That’s a similar space, smaller, but at least it’s carved out for the sole purpose of learning for male allies who want to do more, be more, understand more, et cetera. So do you think a unique space is really needed? I know we debate this all the time in the diversity inclusion space. Are single identity spaces important?

Some people are of the mind that, “Well, people who are traditionally marginalized are the ones that need those spaces.” Like LGBTQ folks, like women of color, for example, so that they can feel, so we can feel safe to share, to let our guard down, that we’re not on display and that we can seek emotional support from each other, which is so critical to our sustainability and our emotional health and to our progress.

But I think some of the raised eyebrows about Better Man is why do men need to come together in this kind of space? How do you view that? I’m assuming you think it’s important, you believe it’s important, but why is it important? What are the characteristics of it that you really believe in as a tool for change and growth?

MITA MALLICK: Yeah. I think it’s similar to what you just talked about when you talked about, let’s say, LGBTQ community needing a safe space. Men also need a safe space to have these discussions and a psychologically safe space, I would argue, and a space where you can ask questions and be educated. I always say in this work, the questions are the most important thing.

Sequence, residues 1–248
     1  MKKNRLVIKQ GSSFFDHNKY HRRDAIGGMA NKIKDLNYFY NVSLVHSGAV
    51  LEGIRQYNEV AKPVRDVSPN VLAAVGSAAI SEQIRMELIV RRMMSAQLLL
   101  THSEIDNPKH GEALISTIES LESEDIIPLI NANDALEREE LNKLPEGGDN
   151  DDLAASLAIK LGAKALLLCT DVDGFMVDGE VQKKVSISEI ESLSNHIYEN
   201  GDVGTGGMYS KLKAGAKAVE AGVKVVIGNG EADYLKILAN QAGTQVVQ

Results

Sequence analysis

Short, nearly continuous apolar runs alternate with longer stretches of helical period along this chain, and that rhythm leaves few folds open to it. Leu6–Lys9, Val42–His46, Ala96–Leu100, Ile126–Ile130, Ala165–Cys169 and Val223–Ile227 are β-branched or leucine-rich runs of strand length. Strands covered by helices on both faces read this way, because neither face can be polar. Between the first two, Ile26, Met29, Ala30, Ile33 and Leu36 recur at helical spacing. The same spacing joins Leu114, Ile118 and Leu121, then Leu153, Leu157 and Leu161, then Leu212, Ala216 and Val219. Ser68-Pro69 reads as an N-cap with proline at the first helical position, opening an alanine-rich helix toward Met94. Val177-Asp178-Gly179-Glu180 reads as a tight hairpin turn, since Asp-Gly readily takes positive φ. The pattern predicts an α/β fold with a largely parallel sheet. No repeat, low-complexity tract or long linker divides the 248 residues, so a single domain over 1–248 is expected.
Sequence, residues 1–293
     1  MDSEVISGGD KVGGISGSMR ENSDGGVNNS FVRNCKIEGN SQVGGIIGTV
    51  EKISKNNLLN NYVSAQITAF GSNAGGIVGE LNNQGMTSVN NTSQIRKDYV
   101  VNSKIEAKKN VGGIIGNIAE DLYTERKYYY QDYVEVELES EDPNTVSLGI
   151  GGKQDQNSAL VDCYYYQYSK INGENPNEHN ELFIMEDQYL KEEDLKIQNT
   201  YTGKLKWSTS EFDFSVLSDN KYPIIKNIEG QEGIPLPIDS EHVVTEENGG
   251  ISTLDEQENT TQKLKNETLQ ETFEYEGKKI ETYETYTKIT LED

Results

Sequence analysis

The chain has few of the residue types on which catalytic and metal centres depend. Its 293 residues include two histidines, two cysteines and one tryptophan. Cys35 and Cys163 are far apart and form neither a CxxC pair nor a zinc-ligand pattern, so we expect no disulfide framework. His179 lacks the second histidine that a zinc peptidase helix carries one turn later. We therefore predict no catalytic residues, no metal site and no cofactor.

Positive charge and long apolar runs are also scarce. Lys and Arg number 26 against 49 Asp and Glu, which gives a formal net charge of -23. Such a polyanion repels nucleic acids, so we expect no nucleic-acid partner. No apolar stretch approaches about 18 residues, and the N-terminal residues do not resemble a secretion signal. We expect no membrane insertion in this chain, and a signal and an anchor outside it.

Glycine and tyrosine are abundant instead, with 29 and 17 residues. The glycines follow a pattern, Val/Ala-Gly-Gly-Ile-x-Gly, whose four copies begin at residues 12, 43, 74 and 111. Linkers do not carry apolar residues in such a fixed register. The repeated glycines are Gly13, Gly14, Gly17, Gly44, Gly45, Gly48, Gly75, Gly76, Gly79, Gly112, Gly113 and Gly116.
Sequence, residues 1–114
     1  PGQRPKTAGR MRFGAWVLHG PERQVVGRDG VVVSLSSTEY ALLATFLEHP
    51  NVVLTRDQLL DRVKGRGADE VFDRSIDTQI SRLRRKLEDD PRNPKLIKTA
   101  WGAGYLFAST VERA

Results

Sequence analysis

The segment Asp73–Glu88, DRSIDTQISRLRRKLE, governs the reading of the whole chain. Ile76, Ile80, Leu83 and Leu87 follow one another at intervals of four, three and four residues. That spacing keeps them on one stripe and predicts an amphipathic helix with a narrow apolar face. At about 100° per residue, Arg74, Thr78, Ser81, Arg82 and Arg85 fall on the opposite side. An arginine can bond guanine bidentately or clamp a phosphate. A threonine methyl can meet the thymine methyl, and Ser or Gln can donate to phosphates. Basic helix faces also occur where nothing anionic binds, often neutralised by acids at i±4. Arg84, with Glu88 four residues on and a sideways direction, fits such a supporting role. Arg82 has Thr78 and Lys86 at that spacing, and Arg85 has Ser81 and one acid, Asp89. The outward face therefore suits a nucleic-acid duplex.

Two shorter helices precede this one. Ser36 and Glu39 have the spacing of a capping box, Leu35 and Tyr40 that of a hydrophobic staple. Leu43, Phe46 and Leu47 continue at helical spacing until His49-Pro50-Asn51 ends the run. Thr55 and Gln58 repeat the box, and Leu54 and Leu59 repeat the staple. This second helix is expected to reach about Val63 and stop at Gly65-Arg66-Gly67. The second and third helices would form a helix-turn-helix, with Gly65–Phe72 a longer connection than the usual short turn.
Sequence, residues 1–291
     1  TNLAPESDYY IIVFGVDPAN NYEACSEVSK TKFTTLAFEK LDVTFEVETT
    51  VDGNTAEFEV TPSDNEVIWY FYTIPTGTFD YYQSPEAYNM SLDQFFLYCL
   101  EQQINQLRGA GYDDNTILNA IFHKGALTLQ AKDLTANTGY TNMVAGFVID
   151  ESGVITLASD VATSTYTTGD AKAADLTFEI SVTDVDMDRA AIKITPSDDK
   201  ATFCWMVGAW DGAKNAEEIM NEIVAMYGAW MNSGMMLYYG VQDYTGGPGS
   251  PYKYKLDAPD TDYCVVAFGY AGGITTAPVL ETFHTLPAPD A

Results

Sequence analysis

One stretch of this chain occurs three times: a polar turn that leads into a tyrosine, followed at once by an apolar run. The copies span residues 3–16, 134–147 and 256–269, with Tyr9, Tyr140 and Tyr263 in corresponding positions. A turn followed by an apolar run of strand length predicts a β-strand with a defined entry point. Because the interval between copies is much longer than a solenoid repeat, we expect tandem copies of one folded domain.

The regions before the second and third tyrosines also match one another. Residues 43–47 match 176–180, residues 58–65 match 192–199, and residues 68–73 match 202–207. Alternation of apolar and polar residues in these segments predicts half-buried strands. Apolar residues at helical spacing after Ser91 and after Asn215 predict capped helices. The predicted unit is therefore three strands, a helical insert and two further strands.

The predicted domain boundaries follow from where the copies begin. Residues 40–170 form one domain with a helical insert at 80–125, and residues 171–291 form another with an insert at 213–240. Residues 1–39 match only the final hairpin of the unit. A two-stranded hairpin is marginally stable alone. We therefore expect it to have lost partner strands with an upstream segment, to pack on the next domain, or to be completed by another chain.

In the last three and a half years that I’ve been doing this work, there’s really not a question that doesn’t offend me anymore because you have to just… It’s the intent versus the impact, I always say. Intent versus impact. I lead my life. I try to every day from a very positive place, I would say that 99% of people have positive and positive intent. And sometimes the intent doesn’t match the impact because they just don’t know or they just don’t realize. How can we educate people on, “Okay, Jennifer, this was my intent. I didn’t realize that was the negative impact it would have on you, but my intention was from a good place. Let’s have the discussion on coaching and guiding me on how the intent could have been better.”

That’s why I think it’s so important to have a safe space where you can have the Better Man Conference and men can understand, “Okay. I want to be an ally, but how do I show up, and what are the practical tools?” Now, I think what you were alluding to earlier is the danger of just men keeping that isolated, right? If we just have spaces and places where men or any group are just talking to each other individually and not cross sharing back or cross pollinating back, then we’re not building a stronger community around us.